A Cinderella Among the Muses: Barrett Browning and the Ballad Tradition

  • Marjorie Stone
Part of the Women Writers book series (WW)


In their 1867 edition of Bishop Percy’s folio of ballads, John H. Hales and Frederick J. Furnivall picture the ballad before the Romantic revival as a ‘Cinderella’ among the Muses:

She had never dared to think herself beautiful. No admiring eyes ever came near her in which she might mirror herself. She had never dared to think her voice sweet… She met with many enemies, who clamoured that the kitchen was her proper place, and vehemently opposed her admission into any higher room. The Prince was long in finding her out. The sisters put many an obstacle between him and her… But at last the Prince found her, and took her in all her simple sweetness to himself.1

Some readers might pause over the class- and gender-inflected assumptions in this ingenuous fairy story of a gallantly patronizing ‘Prince’ taking a low-born maiden ‘to himself’. But few would dispute the importance of the union Hales and Furnivall fancifully describe. Every student of Romantic poetry recognizes the profound significance of the ballad revival, reflected in Bishop Percy’s Reliques of Ancient English Poetry (1765), in Sir Walter Scott’s ‘minstrelsy’, and above all in the Lyrical Ballads published by Wordsworth and Coleridge in 1798.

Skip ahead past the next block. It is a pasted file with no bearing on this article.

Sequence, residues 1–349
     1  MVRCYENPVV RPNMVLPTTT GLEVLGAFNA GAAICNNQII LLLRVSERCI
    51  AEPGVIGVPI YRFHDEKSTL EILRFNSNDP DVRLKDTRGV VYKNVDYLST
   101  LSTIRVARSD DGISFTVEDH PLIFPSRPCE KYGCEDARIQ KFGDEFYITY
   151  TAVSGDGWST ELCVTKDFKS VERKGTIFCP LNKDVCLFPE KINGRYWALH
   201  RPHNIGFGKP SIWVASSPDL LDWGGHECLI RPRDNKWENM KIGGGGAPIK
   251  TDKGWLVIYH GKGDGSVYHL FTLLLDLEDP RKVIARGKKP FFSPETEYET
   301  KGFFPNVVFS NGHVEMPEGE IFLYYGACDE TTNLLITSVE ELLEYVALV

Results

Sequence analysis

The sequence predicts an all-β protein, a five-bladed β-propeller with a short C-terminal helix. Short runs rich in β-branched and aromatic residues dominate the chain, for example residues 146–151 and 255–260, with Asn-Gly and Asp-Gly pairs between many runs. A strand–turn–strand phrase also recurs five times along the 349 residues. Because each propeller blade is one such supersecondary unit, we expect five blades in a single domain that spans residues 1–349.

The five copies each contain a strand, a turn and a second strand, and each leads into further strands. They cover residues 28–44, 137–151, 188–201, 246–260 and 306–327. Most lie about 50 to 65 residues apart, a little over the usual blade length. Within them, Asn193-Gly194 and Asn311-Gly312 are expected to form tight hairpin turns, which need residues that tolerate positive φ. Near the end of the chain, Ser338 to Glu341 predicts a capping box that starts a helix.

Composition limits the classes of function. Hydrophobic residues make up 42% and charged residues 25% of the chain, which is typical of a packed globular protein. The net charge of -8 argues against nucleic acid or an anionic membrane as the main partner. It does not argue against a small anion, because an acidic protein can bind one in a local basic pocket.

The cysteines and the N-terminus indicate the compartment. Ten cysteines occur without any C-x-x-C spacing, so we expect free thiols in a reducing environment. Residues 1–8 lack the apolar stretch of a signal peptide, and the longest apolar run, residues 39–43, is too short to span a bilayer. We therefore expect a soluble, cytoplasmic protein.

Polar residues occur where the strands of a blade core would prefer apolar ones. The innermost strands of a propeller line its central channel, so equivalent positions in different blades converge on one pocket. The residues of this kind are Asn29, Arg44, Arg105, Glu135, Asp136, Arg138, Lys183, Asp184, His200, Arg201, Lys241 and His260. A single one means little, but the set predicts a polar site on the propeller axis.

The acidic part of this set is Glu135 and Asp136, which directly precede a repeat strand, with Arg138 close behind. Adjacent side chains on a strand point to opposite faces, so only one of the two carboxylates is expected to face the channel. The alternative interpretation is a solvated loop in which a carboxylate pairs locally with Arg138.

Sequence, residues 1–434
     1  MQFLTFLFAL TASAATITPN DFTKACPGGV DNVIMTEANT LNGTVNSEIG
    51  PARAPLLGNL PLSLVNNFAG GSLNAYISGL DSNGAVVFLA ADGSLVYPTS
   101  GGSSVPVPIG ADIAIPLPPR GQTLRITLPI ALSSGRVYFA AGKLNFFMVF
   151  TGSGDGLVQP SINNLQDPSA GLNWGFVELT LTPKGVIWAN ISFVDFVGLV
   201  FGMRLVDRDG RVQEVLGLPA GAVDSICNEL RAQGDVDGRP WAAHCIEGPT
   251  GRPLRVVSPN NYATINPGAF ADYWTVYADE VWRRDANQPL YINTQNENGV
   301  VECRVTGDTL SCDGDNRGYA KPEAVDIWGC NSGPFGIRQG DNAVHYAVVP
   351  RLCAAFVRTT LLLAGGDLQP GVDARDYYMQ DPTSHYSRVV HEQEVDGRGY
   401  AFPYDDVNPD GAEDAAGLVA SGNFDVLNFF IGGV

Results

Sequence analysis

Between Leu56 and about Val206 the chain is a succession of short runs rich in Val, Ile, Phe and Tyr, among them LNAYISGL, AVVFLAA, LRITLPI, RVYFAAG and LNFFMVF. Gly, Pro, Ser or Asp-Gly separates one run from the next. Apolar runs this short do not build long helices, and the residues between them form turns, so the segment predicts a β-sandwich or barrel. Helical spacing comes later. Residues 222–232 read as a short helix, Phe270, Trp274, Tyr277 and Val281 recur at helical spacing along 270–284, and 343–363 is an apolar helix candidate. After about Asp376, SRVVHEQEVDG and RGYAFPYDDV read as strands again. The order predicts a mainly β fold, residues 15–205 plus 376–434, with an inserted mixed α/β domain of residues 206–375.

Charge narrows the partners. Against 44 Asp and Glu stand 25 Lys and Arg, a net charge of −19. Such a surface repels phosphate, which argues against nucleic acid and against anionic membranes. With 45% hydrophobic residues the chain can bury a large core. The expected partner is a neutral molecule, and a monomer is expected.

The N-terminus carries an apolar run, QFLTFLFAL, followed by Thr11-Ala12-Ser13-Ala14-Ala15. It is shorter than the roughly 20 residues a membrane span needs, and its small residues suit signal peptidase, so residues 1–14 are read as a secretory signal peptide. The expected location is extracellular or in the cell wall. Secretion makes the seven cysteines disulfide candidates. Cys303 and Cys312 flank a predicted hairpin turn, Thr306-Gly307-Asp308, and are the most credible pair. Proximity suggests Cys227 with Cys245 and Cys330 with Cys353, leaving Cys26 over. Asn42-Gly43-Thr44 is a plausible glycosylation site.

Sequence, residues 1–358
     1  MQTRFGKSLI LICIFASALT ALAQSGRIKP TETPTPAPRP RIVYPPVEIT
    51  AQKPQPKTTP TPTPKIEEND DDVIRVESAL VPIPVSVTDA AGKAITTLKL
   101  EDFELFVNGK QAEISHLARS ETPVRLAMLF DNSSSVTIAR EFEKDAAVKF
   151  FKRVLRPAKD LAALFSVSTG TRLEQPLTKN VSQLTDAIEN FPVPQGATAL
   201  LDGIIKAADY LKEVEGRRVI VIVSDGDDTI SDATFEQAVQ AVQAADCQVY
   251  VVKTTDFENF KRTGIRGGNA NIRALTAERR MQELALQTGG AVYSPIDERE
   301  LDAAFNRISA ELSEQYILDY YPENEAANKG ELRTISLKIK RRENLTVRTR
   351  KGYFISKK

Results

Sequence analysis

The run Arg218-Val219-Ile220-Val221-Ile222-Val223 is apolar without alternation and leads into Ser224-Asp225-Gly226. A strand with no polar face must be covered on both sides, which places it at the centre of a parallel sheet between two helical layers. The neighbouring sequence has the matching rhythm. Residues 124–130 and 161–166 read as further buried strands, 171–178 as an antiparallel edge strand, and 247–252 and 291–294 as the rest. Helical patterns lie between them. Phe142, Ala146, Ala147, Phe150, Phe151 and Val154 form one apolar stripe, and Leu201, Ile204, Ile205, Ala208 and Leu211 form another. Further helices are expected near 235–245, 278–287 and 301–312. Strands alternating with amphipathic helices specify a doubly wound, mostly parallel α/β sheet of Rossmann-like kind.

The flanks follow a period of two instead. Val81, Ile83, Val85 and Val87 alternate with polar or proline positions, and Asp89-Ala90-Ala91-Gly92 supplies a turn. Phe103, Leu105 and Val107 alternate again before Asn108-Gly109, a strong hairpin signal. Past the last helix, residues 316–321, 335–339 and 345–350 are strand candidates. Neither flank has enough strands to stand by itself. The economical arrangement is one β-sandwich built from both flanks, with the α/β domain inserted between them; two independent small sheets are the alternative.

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  1. 2.
    Malcolm Laws, Jr, The British Literary Ballad: A Study in Poetic Imitation (Carbondale, Southern Illinois University Press, 1972) pp. 151–8, 89–93.Google Scholar
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© Marjorie Stone 1995

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  • Marjorie Stone

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